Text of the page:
The Weekend Match: Leeds United 1-3 Norwich City
It’s difficult to avoid the feeling that Norwich City somehow shouldn’t be in the position in which they sit today. Last season saw the club finish in a distinctly underwhelming fourteenth place in the Football League Championship, and the summer saw the departure of the club’s most effective performer last season, James Maddison, move on to the Premier League with Leicester City. Indeed, when Norwich entertained Leeds United at Carrow Road in August the result was a comfortable three-nil win for the visitors and a third loss in the first five league matches of the season for Norwich and left the home side in seventeenth place in the table.
The nature of the Championship, however, is curiously both forgiving and unforgiving. A division in which just about anybody can beat just about anybody else means a season of potential booby traps, but also allows the opportunity to make up lost ground because other clubs will drop points. Norwich City have only lost two league matches since that defeat in August and this morning look down on the rest of the division with momentum building behind the team. A return to the Premier League which looked distinctly unlikely at the end of the summer is now looking at least as likely as not.
Of course, Leeds United have been hoovering up the headlines in the Championship of late, somewhat. The Spygate story saw to that. But 2019 has not been kind to Leeds, so far. The kerfuffle that surrounded Marcelo Bielsa’s comments regarding the extent of his research on all opposing teams has somewhat drawn attention away from the fact that, since his team’s seven match unbeaten run came to an end with a home defeat against Hull City on the twenty-ninth of December, Leeds have only won two (and have lost four) of their league matches whilst also being eliminated from the FA Cup. Owner Andrea Radrizziani’s Eleven Sports have ditched their Serie A coverage, leading to reports that they might even have to close their UK operation altogether this summer.
For all of that, though, the crowds keep coming. There were more than 36,000 people at Elland Road last night, an attendance which hints at the clamour for Big Occasions to return to a club that built its reptutation on them throughout the 1960s. The eventual outcome of this match, however, said a considerablle amount about the trajectories that both teams are following at the moment. It is Leeds who currently seem the more likely of these two clubs to get frozen in the glare of the headlights that the possibility of a return to the Premier League after a decade and a half away represent, while Norwich seem happy to just go about the business of winning matches.
While Leeds were winning matches at the tail end of last year, it was easy to scoff at the inner fatalism of those amongst their support who couldn’t allow themselves to quite believe that their club could sail serenely back to the top flight without some degree of drama along the way. And last night, they put on a show. Elland Road was raucous and febrile. If a team with any semblance of nerves was to set into such an environment, we might have expected them to show. For Norwich City, though, the evening couldn’t have gone much more to plan, and a steady, controlled performance ended in a comfortable win to send them to the top of the table.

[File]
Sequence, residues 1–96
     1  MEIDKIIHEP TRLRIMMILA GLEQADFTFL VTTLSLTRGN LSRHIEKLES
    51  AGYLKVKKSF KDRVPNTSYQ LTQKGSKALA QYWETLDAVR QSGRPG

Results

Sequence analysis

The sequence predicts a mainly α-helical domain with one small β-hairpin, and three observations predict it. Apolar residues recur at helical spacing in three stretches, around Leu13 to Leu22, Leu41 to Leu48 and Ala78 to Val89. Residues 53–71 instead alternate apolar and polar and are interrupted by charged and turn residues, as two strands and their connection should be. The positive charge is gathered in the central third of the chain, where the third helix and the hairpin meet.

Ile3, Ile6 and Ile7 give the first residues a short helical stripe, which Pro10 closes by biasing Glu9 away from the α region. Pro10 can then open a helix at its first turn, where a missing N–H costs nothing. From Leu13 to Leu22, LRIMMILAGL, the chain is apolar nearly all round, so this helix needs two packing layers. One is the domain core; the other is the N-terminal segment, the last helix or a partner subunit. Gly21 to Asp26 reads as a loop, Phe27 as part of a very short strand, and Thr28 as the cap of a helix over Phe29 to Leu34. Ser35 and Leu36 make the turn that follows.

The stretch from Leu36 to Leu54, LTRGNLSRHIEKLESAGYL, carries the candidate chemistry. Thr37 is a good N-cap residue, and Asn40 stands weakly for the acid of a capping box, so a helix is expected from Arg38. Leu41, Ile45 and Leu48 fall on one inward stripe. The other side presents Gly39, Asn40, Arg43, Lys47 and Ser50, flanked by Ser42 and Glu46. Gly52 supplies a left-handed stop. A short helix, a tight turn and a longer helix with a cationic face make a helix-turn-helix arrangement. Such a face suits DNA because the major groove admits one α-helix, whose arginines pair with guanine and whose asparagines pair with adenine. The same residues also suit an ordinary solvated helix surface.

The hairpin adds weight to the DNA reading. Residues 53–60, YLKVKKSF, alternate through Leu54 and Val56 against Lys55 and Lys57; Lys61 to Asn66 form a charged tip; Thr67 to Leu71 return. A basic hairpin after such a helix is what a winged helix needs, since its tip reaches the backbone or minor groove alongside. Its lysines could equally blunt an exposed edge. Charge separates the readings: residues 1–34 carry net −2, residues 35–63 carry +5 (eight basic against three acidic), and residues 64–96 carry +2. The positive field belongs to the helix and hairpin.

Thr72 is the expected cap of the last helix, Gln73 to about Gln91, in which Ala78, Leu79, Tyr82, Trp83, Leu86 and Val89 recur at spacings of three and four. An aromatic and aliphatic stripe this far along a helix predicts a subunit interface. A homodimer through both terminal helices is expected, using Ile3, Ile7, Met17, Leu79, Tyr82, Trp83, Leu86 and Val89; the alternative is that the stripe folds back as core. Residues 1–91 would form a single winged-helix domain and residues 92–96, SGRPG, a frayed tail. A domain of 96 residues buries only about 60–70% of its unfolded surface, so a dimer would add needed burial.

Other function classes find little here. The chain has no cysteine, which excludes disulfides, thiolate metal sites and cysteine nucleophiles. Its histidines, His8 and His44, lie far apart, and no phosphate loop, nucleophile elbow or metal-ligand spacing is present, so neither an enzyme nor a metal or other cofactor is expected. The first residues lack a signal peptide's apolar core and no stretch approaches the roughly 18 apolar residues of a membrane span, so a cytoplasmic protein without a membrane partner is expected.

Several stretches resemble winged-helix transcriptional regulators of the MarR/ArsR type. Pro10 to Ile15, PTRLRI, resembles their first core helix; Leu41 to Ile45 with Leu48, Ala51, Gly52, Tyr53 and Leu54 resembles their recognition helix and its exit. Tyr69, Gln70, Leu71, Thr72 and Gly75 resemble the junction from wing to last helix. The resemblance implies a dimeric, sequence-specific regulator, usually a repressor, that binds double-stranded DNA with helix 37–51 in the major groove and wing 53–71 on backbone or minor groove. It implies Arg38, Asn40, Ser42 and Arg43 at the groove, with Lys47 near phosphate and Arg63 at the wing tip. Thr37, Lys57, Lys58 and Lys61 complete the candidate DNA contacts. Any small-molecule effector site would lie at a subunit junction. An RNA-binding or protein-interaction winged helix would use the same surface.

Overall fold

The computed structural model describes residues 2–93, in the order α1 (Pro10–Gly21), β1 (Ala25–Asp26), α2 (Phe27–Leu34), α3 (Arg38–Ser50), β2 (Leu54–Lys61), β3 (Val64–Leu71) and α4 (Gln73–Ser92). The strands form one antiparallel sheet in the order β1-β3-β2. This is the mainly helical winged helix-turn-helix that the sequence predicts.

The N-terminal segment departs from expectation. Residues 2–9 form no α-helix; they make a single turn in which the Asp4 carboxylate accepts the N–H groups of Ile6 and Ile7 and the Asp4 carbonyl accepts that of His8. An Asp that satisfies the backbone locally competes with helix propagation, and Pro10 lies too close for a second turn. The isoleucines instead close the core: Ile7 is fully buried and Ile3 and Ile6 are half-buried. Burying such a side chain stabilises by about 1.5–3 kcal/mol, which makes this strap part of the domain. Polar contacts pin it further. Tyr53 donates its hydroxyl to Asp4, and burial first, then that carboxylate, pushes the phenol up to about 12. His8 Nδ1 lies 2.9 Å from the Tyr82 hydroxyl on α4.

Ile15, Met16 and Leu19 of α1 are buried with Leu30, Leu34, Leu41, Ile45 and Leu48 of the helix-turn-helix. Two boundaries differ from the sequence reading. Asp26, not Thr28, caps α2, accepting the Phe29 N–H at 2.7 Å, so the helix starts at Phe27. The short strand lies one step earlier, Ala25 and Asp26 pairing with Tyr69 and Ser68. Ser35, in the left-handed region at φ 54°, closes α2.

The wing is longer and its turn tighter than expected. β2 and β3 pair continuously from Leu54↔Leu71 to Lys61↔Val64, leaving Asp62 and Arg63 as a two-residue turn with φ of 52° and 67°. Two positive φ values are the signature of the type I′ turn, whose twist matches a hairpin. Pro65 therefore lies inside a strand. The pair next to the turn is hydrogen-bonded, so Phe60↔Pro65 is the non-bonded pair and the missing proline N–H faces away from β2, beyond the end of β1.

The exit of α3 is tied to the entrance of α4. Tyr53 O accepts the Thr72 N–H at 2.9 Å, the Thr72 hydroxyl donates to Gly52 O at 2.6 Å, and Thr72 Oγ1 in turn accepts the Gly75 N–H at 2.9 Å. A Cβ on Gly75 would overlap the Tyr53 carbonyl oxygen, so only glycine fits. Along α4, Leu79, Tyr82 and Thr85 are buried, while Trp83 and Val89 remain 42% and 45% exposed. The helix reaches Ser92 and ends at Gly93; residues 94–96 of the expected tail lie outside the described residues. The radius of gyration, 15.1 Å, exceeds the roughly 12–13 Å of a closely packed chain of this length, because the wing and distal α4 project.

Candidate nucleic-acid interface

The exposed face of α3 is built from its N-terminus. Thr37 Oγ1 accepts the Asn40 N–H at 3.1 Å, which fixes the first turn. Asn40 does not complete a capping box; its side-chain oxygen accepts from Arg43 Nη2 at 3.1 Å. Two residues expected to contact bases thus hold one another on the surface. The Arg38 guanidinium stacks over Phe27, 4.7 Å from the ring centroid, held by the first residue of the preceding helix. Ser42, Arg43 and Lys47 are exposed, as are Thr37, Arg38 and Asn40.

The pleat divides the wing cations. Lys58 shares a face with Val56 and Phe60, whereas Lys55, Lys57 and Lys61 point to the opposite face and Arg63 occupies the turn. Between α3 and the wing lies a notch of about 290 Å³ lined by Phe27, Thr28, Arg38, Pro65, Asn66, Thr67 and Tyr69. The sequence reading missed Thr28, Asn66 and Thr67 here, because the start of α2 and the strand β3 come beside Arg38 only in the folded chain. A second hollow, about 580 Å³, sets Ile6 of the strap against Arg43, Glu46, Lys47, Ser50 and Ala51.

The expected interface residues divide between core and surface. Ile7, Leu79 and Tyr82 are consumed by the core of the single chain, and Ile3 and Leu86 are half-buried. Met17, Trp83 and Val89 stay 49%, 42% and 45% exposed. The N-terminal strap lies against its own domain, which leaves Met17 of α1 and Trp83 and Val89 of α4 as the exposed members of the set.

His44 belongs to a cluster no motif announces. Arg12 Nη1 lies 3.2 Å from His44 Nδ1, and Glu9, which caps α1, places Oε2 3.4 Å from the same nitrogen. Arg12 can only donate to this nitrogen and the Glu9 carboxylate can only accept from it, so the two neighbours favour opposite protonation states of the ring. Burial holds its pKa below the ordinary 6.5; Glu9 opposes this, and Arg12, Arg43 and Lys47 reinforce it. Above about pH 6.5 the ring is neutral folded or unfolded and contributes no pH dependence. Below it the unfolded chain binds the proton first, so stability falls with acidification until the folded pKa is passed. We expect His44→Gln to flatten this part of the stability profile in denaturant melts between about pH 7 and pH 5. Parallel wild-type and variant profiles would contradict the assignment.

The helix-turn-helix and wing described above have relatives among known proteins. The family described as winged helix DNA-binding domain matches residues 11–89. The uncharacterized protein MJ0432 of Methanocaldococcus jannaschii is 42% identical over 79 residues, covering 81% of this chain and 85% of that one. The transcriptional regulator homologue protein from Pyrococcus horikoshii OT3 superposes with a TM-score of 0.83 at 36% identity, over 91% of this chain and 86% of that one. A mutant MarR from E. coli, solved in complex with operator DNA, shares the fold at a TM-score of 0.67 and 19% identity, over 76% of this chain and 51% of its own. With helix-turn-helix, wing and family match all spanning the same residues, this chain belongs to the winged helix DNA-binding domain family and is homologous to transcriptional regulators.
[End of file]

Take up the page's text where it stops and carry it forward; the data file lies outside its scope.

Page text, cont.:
It has been noted before that there is a tendency for the Championship to throw up a surprise club or two over the course of every season. Norwich’s ascent to the top of the division is no exception to this. The club was relegated from the Premier League, but rather attempting the “speculate to accummulate” model so beloved of their contemporaries – which, on the basis of the current available evidence, seems more likely to result in mid-table frustration and complaints about under-achievement – the club opted for a somewhat different approach. The wage bill was cut in order to trim off the excess fat, and the club turned its attention to the tricky (but potentially lucrative) job of picking up players with talent, scrubbing them up, and moving them on at a profit.
That first season following relegation was mixed, with Alex Neil overseeing a streaky team until a five match run without a win condemned him to an early departure and placed the team in the hands of Alan Irvine, the former assistant manager, until the end of the season. Under Irvine, Norwich finished in eighth place in their first season back, a creditable enough performance, even though they did end up some ten points short of a place in the play-offs that season. His replacement was Daniel Farke. It is no longer surprising to see young coaches with sketchy degrees of previous experience being imported into this country, and Farke’s appointment at Norwich fell very much into the template set by two people with whom Farke is already very familiar: Juergen Klopp and David Wagner, latterly of Huddersfield Town. Farke spent the whole of his playing career in the German lower divisions before cutting his managerial teeth with SV Lippstadt 08, who he took from the sixth tier of German football to the fourth, before accepting a job to coach Borussia Dortmund’s B-team.